Tom Allen: Both Worlds

Tom Allen is afraid of death. Not because he is unsure of the afterlife or scared of a painful passing, but rather because at his deathbed, if he carries on as he is, he’s terrified he’ll have nothing but a few good tweets to his name. Yet despite his self-deprecating opening, his persona more than contradicts this. While setting himself up as a self-conscious man, not using his short time on Earth effectively, Allen proceeds to deliver a set of still self-deprecating, yet confident and assured stand-up.

Whether it’s true Allen is wasting his life between stand-up gigs may remain up for debate; whether he is a talented comedian or not certainly isn’t.

These kinds of contradictions appear throughout Allen’s set and to great comedic effect. At first he’s charming, dishing out free chocolate hobnobs, making sure every last audience member has one. Yet as the show goes on this charm disappears and Allen becomes cynical and bitter, whether it’s about internet dating, gay pride or the effect of WhatsApp on one’s garden. “I’m going to finish now… because I’m bored” he says, ending the show in sassy yet majestic style.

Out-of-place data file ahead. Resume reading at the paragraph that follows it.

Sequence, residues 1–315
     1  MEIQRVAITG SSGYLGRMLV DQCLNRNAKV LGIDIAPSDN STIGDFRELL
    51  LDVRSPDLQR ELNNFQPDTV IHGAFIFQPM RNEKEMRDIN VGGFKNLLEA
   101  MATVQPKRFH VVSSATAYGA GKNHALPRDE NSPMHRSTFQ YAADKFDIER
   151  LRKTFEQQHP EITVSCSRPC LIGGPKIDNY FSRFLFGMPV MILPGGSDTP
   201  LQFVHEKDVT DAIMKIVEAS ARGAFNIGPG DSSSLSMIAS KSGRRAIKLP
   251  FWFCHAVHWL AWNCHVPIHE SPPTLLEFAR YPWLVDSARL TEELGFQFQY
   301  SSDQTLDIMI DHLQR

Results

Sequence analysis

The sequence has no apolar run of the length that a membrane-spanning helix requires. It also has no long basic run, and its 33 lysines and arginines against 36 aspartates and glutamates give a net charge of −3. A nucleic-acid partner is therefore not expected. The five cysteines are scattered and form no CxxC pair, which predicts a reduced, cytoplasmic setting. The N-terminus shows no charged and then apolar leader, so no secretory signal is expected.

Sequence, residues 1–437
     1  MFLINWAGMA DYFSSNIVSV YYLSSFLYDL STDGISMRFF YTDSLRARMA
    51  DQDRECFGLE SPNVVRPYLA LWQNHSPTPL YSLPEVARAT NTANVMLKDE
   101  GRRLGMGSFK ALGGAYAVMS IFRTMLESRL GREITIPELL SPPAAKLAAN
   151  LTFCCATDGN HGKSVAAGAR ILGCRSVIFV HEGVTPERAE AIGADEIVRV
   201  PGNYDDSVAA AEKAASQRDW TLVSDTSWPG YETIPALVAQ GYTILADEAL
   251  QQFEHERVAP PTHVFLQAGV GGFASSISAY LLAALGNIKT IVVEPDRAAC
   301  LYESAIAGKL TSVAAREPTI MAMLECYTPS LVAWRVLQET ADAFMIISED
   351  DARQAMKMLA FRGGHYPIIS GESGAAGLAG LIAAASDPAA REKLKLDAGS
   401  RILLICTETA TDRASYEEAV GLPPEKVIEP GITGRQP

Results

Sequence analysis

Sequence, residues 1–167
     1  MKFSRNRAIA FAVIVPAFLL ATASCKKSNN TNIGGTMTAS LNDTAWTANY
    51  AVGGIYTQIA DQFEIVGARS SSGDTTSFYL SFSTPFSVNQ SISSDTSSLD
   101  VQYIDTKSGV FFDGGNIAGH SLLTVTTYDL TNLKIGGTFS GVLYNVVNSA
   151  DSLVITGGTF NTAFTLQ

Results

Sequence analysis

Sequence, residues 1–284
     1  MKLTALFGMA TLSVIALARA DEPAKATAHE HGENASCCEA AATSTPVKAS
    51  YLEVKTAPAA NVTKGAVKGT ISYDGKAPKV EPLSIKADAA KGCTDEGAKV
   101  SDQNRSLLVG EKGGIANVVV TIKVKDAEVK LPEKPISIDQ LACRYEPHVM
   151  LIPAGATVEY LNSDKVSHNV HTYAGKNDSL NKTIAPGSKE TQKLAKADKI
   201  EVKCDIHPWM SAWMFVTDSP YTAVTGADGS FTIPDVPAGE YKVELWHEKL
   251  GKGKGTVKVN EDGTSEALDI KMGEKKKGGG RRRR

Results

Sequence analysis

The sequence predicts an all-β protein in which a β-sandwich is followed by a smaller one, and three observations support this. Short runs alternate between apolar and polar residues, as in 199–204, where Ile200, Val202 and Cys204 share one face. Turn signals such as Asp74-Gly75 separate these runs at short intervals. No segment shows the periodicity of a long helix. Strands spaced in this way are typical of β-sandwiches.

The way he presents his jokes are also done in a similar fashion. Just when you think he’s told a joke or finished an anecdote, he’ll take a long pause and deliver what is actually his final punchline. He builds his comedy up and then breaks it down, leaving his audience is hysterics.

There was however a disturbance during his set, with several audience members arguing amongst each other and attempting to hide it. Allen handled the situation reasonably well, entertaining the rest of the audience while the bickering continued and eventually finding his footing once the distraction had ended. Yet it’s clear that confrontation isn’t his forte.

Yet despite this awkward and uncomfortable encounter, it is Allen’s energy and stage presence that ends up dominating the show. Whether it’s true Allen is wasting his life between stand-up gigs may remain up for debate; whether he is a talented comedian or not certainly isn’t.

Reviews by Will Roberts

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Immigrant Diaries: Sajeela Kershi and Guests

★★★★
Laughing Horse @ The Newsroom

Sajeela Kershi: Shallow Halal

★★★★
Assembly George Square Studios

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★★★
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★★
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★★★★

Performances

Location

The Blurb

‘Beguiling’ (Telegraph). ‘Gives the tradition of camp comedy a firmly 21st century twist’ (Guardian). ‘Otherwordly’ (Scotsman). ‘Tight’ (Melbourne Age). The thrillingly ‘erudite raconteur’ (List) takes you on a whirlwind journey. Tales of being in/out, upstairs/downstairs, happy/other emotions.